Operators are concerned over the integration and interoperability problems they are facing because of the fragmented nature of network and software architectures. This complex situation is being aggravated by how they are migrating to cloud
In the telecoms industry, everything constantly changes, and yet some things remain the same. Technologies, standards, architectures, and practices all evolve, but because of this increasing multi-network and multi-vendor complexity, there remains a continuing need to get integration and interoperability right to ensure everything hangs together. And closely linked to that are acute concerns over who is actually best positioned to make this happen. So, it’s no surprise that these issues cropped up in many of the conversations and sessions I was involved in at the recent Amsterdam-based Network X conference. Network X is the new one-stop-shop that brings together two longstanding industry events—Broadband World Forum and 5G World—as well as a new event dedicated to Telco Cloud, takeaways from which form the basis of this article.
Integration and interoperability concerns
Multiple technologies and increasing network complexity are placing integration and orchestration issues top of mind. Several speakers at the event stressed the integration and interoperability problems they were facing because of the current fragmented nature of network and software architectures. And this is even before network disaggregation, and vendor diversification fully hit the industry.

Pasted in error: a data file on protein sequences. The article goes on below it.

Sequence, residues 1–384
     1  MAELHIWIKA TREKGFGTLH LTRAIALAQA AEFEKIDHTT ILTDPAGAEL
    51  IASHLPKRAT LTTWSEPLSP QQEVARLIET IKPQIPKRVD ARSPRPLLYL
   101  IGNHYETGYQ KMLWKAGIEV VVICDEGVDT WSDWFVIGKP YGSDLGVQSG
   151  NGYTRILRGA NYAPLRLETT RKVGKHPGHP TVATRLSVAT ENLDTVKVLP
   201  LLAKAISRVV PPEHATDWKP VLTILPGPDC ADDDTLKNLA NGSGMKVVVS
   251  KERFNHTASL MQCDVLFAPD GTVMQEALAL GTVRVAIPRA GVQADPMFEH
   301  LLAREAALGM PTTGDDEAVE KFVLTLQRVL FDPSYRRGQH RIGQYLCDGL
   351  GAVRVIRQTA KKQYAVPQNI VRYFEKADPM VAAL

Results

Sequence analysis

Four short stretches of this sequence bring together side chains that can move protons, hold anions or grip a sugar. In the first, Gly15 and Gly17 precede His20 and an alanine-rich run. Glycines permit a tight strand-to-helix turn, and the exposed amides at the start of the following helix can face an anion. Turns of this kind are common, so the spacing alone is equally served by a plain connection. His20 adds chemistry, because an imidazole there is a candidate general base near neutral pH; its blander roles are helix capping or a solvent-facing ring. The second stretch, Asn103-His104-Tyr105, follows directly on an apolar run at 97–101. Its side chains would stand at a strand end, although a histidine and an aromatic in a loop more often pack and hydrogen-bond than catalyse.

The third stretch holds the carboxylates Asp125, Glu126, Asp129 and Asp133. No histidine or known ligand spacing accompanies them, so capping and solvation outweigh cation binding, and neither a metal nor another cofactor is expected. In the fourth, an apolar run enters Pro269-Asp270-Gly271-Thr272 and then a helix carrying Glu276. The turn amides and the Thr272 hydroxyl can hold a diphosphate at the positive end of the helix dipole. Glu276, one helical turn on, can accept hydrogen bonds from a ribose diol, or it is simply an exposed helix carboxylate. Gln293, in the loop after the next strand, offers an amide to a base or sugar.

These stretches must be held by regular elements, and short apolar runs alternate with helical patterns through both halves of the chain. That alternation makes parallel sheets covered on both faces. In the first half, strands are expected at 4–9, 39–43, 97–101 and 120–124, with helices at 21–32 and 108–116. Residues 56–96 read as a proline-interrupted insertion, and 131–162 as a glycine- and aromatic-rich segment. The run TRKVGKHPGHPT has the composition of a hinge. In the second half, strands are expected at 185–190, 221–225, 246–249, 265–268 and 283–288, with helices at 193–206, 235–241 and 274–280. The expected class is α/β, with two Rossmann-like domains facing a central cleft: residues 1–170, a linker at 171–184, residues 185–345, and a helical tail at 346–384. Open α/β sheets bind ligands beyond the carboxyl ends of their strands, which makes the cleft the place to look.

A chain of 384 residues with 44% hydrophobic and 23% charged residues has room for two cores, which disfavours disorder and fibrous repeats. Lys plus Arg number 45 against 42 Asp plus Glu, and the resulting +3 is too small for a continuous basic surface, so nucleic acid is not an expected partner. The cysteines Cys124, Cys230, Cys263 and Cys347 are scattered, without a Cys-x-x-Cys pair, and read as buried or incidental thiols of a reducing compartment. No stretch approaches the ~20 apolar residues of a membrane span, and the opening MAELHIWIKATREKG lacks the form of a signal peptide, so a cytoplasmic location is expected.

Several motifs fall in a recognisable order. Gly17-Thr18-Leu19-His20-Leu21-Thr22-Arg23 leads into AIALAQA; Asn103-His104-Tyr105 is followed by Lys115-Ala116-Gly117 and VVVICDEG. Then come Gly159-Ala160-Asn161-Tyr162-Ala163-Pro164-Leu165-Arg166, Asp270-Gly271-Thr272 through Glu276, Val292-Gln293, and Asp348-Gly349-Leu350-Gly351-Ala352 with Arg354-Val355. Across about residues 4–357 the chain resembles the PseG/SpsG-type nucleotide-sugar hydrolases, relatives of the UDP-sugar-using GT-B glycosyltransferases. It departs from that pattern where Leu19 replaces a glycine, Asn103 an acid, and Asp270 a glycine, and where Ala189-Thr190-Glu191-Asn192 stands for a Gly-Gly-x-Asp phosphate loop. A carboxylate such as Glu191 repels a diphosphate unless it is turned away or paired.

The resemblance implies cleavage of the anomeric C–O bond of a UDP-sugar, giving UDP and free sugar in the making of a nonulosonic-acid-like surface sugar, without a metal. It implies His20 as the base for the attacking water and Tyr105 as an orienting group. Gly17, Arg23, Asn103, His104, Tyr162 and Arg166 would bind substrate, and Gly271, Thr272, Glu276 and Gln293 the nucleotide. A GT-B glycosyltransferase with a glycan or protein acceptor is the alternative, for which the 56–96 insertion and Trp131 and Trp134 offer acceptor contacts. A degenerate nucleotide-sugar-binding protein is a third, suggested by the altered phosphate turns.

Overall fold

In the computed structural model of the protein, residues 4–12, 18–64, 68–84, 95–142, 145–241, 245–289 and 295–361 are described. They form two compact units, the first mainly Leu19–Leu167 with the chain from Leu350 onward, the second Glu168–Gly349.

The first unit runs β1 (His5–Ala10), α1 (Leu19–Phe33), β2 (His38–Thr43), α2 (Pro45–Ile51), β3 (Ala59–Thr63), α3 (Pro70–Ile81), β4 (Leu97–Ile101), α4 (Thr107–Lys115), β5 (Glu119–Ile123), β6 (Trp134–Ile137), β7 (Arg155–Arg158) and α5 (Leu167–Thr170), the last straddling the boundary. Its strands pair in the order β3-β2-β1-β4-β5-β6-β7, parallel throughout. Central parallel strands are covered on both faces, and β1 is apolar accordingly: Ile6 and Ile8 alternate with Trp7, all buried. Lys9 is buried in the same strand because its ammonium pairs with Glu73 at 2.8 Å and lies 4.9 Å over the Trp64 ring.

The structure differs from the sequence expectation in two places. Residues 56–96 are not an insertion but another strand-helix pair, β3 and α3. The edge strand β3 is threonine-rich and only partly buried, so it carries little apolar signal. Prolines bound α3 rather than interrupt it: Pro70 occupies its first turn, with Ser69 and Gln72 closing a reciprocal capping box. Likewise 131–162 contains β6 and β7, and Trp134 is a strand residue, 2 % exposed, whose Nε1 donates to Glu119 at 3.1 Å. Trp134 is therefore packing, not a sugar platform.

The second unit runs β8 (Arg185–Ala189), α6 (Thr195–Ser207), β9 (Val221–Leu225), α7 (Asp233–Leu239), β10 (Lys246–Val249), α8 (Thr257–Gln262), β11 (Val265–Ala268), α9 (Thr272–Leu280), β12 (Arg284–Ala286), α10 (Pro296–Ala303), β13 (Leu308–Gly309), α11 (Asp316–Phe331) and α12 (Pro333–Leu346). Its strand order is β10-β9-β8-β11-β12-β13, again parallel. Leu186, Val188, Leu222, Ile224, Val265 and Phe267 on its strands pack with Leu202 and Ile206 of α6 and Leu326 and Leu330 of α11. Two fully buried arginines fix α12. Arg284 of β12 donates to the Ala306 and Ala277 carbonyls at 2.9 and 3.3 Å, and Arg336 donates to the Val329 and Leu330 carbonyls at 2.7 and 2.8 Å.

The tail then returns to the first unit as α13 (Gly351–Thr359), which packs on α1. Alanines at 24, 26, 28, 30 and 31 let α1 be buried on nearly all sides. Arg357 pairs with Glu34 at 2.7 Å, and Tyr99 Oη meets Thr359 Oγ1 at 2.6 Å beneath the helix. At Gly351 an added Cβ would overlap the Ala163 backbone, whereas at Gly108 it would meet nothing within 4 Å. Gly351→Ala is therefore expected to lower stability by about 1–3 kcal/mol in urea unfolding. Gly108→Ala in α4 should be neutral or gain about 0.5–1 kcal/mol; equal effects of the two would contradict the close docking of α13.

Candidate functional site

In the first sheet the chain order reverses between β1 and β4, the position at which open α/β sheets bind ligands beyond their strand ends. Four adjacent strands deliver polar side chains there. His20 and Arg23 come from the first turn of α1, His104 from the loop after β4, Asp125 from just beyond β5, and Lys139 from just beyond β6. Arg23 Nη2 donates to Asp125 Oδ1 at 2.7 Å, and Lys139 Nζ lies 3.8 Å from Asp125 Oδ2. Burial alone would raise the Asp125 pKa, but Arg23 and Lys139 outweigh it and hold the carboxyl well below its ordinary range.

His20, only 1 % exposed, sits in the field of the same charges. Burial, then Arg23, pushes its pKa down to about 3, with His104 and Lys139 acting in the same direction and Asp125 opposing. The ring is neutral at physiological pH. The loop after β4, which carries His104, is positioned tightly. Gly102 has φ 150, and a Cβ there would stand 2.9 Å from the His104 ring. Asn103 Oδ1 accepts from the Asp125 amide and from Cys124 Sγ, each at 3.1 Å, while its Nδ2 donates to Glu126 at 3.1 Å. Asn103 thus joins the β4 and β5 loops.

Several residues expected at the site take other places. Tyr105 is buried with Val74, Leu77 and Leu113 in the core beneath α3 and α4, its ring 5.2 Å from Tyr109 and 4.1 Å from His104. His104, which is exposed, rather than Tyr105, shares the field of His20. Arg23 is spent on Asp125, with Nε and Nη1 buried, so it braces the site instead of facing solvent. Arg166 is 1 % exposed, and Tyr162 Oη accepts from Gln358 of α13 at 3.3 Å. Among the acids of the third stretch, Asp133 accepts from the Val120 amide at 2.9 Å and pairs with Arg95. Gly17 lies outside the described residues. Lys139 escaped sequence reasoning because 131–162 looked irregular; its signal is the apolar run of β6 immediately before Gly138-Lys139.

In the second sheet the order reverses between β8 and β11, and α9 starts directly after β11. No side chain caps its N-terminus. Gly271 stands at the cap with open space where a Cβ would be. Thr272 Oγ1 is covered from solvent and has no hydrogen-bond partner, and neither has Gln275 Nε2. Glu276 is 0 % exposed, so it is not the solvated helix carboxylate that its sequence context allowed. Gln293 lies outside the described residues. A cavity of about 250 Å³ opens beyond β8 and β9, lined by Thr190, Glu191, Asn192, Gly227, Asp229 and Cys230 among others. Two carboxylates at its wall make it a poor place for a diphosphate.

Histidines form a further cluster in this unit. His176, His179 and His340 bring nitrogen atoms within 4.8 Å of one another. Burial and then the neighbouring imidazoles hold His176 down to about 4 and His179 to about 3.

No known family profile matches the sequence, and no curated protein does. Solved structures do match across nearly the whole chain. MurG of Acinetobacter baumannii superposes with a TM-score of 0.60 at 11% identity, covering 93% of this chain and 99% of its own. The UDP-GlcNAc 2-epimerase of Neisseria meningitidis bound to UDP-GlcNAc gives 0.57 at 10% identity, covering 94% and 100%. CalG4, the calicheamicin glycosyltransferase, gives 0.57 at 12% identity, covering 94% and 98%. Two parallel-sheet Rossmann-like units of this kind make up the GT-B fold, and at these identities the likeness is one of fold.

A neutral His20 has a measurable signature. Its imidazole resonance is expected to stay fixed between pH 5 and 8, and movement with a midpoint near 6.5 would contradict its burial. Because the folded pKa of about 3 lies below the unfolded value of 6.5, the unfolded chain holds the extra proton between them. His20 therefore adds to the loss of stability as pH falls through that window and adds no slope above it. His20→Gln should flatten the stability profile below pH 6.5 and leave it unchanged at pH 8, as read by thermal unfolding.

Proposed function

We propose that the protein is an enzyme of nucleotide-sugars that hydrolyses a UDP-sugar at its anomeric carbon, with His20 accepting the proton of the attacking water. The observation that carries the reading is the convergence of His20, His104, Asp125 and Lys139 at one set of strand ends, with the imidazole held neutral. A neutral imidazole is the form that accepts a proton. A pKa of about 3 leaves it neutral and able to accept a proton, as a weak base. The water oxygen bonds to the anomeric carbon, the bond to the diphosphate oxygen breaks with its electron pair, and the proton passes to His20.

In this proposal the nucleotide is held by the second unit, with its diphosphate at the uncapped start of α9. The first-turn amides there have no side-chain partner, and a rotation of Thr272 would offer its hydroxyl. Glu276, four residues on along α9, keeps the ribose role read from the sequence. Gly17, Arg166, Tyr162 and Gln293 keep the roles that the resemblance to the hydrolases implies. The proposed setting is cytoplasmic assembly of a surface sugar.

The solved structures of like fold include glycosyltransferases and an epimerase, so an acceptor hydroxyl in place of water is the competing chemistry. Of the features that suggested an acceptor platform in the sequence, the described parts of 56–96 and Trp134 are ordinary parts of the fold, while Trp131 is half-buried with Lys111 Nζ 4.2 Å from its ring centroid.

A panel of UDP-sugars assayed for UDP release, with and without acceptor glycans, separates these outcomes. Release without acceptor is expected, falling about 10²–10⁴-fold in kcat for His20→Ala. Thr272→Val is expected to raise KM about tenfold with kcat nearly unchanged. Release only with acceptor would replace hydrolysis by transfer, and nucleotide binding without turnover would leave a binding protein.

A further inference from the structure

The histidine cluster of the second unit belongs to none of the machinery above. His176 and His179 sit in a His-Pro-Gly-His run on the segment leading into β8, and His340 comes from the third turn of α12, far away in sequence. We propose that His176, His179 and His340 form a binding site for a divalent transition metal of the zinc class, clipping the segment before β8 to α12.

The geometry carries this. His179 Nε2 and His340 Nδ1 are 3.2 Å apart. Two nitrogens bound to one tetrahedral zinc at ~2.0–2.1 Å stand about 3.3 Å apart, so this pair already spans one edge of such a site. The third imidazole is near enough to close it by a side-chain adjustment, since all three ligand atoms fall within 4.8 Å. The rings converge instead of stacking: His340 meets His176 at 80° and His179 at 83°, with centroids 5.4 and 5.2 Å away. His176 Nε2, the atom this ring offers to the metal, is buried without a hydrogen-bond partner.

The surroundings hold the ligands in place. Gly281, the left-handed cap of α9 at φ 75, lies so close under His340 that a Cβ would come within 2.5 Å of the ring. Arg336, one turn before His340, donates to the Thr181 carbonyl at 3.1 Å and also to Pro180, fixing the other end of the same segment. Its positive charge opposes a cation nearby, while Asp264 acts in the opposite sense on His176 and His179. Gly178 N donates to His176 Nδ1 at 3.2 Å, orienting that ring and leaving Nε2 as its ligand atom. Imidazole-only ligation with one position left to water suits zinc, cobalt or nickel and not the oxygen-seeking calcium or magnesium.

The fragmented nature of the network environment and proprietary solutions not only increases service providers’ operational costs but can also make the networks more fragile and less future-proof. As Pierre-Marie Binvel, Director of Marketing Connectivity at Orange Business Services explained: “It’s understandable that companies continue to seek to embed additional value in their standards, but if market standardization is lacking, then it will directly impact on both costs and the shelf-life of their infrastructure.”
This complex situation is being aggravated by the migration to cloud. With service providers relying heavily on multiple network vendors and hyperscaler partners to support the shift to cloud, we are seeing the various parties employing a wide mix of tools and approaches. With so many building blocks in play, it becomes even more difficult to standardize or harmonize management and orchestration processes. Nor does it help that different vendors are using multiple versions of containerization technologies, such as Kubernetes. It is sometimes assumed that open source will help to address many of the issues inherent in proprietary solutions, but in the words of one Network X panelist: “The challenges associated with integrating open source are not trivial.”
We also heard a lot at Network X from Deutsche Telekom, Orange, Telenor, and other operators about the multicloud strategies they are pursuing, driven not just by their own need for flexibility but also by the multicloud requirements of their customers, who inevitably come to the relationship with their own ecosystems and sets of partners. This multicloud approach is another factor adding to the aforementioned complexity, creating a need for better orchestration and end-to-end performance management.
Paradoxically, as well as being a headache for service providers, the complexity could also provide them with an opportunity to position themselves as an integrator in their own right, providing value-added services that run over a wide range of complex environments. In the words of Orange Business Services’ Binvel: “We increasingly see ourselves as an orchestrator, a partner of trust.”